Leatherland Ancestry

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                   Holy Trinity Church, Churchover where my great great grandparents married in 1866

HOW IT ALL STARTED

Sometime in the mid-1980s I became interested in tracing my family history.  I think this began when I found a letter on my grandfather's piano from a man in Oxford who said that his family owned an old portrait and a 300 year old leather pouch. The portrait was said to be of John Leatherland  who he believed to have been a diplomat in Constantinople during the 1780s. The leather pouch was inscribed with his name.  

My grandfather's surname was Leatherland and, as the surname is rare, the writer of the letter wondered whether we knew anything about this diplomat or whether he was our ancestor ? My grandfather had never heard of him, but a few years later I travelled to Oxford to meet the writer of the letter and to see the portrait which hung on his staircase. The story behind the portrait and wallet still remains unclear, but it inspired my interest in the family origins.

I then discovered that, in the late 1960s, my uncle (also John Leatherland) had traced much of our family history. In those days many parish registers were still held by vicars in dusty vicarage cupboards, and tracing your family tree was a slow and laborious process. My uncle's patient and thorough research paved the way for this website, and I still heavily rely on the information he gathered.

       

  All Saints Church, Yelvertoft where my ancestors were married and baptised in the early 18th century

MY FAMILY TREE

If you are interested in my detailed family tree and learning more about my Leatherland and other ancestors, please have a look at  my websitewww.tribalpages.com/tribes/david4uwhich gives all the facts and figures.

         

  The Red Lion Inn, Kilsby 1887 : photo from Jean McLaughlin  www.photohistory-sussex.co.uk/UckfieldphtgrsAG.htm

The Leatherland Name

Leatherland is a relatively rare surname.  The Office of National Statistics has a  database based on modern census records which contains over one million different surnames.  In this database there are only 947 people with the surname Leatherland. The name ranks 6,915th in the rank of surname popularity. Using the spelling Letherland gives a further 53 people and Litherland 1,286.

Compare this with more common surnames. My own surname (Richards) produces 75,000 people. Johnson gives you 179,731.

Incidentally there is a now facebook site for people with the surname Leatherland which has an impressive 321 members. There is also a facebook site for the Letherland spelling with 25 members.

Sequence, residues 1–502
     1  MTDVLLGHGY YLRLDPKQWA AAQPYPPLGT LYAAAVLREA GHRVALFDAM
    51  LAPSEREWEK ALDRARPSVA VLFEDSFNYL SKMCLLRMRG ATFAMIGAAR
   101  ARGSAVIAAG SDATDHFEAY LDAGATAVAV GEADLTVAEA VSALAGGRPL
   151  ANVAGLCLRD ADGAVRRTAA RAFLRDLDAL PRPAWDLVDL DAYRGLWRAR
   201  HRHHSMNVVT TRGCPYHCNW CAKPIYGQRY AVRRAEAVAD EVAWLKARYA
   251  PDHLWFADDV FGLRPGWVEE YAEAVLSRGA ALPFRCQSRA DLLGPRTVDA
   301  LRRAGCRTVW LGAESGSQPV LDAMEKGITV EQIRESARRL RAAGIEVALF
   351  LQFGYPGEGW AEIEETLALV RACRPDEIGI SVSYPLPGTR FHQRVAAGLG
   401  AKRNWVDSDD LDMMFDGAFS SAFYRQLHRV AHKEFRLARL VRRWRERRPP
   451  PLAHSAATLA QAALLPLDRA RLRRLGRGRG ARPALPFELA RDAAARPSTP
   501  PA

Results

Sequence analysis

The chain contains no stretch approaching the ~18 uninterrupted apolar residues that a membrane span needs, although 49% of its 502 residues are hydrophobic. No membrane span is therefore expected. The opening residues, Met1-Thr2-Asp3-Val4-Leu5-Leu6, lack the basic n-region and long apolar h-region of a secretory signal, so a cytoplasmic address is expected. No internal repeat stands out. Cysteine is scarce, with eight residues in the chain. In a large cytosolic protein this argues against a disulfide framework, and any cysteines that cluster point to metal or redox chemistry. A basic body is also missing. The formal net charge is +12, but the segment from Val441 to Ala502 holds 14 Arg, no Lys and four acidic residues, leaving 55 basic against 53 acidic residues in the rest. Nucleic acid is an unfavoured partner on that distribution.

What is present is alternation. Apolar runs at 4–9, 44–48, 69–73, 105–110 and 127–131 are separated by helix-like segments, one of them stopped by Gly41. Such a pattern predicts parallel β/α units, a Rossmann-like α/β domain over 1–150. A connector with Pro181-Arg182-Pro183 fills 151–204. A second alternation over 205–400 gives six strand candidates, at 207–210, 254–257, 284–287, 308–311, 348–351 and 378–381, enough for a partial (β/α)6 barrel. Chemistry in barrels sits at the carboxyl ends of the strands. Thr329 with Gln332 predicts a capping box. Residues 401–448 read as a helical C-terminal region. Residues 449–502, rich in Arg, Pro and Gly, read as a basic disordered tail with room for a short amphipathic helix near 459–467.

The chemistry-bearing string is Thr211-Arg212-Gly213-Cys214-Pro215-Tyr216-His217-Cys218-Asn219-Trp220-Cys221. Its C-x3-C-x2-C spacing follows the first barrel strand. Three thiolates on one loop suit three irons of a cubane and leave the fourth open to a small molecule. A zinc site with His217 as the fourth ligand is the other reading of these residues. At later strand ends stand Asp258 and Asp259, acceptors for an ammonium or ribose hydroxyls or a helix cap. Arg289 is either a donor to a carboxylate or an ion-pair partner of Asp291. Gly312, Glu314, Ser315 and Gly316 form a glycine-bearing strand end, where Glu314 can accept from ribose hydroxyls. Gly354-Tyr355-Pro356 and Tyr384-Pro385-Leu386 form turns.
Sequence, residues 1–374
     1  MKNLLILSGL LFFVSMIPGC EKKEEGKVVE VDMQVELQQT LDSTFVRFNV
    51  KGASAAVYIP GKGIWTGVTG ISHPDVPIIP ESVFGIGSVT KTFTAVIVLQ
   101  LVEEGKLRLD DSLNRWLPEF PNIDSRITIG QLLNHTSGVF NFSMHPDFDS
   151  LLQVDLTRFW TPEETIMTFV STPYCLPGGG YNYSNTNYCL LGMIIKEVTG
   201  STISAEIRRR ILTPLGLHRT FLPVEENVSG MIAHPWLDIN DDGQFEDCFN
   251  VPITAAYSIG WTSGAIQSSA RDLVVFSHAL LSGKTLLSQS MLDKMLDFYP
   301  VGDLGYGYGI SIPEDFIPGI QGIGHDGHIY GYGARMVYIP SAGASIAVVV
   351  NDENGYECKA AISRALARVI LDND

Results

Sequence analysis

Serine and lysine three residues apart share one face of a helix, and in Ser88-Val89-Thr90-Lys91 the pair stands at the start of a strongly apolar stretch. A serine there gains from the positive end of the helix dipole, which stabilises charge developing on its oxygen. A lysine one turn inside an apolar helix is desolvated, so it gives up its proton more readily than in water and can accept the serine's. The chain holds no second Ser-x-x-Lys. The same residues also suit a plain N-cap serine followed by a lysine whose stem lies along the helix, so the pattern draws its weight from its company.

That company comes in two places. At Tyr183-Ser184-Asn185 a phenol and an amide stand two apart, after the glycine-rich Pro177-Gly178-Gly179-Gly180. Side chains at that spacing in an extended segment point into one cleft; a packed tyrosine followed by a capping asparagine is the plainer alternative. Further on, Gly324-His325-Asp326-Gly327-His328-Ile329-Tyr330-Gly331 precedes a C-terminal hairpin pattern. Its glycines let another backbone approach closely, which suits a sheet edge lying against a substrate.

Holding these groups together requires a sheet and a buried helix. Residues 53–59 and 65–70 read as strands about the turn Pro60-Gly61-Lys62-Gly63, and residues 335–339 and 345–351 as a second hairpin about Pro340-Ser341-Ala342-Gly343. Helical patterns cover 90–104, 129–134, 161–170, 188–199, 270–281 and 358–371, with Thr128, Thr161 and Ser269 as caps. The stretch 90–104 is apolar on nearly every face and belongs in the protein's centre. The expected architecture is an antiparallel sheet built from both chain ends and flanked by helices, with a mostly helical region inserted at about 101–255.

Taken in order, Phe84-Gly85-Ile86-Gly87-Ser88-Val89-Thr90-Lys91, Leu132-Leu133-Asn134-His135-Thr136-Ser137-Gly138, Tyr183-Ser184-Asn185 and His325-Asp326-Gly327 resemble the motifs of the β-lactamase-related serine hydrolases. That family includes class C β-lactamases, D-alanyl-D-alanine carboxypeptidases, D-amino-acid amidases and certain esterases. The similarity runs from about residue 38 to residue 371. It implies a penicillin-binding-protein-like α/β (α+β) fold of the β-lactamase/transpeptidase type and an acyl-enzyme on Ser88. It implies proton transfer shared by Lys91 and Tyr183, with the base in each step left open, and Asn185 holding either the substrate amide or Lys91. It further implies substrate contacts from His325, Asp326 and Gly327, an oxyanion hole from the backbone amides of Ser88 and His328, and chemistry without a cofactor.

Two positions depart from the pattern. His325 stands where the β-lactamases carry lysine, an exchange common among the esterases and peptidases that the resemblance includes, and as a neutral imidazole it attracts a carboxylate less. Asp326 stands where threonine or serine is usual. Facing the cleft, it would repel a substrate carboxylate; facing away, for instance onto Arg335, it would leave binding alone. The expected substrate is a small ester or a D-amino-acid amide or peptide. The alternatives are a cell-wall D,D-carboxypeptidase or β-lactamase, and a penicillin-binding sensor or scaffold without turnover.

Evidence

The main source of the information before 1837 comes from parish registers.  I have relied partly on my uncle's research supplemented by the IGI and  various indexes especially Alan Clark and Marilyn Pontin's Northants Baptism/Marriage/Burial indexeswww.northants-familytree.netI have also consulted some original parish register records for Warwickshire and carried out some research in the Northants, Warwicks and Leicestershire Record Offices.  I have examined a number of wills and marriage licence bonds and other documents found in the archives.

For anyone with ancestors in Northants, I would recommend Alan Clarke and Marilyn Ponting's thorough parish register indexes of the county. Browsing them is fascinating and throws up all sorts of interesting entries. For example, in their pre-1700 Marriage Index you will find the marriage of "Mr Peter Le Noir Un Trompette Des Gardes Du Roi"to Mary Watts of Northampton in Brixworth in 1683. The bridegroom's French name translates roughly as Black Peter a Trumpet of the Guards of the King !! Nothing to do with Leatherlands but there is no doubt an intriguing story behind this mysterious Frenchman (or perhaps the vicar was drunk ! )

The Northants Militia lists are an excellent source. I have also made some use of the National Archives indexes. 

                        

                               Hollowell, Northants, home to Leatherland families for over 200 years

I was lucky enough to be able to find out much from my late grandfather and two late great uncles, who all lived into their 90s.  My mother - now in her 88th year - continues to surprise me with nuggests of useful information, as does my uncle.

I am not a Leatherland. The Leatherlands are my maternal family line. My grandfather, Charles Edward Leatherland, was a major inspiriation in my life. My site www.charlesleatherland.infolooks at his life and achievements.

If you have Leatherland ancestors - or indeed any links with or interest in the contents of this site - I would be most pleased to hear from you.

DAVID RICHARDS

April 2009

CONTACT ME :   davidr4u@btinternet.com

Site last updated January 2012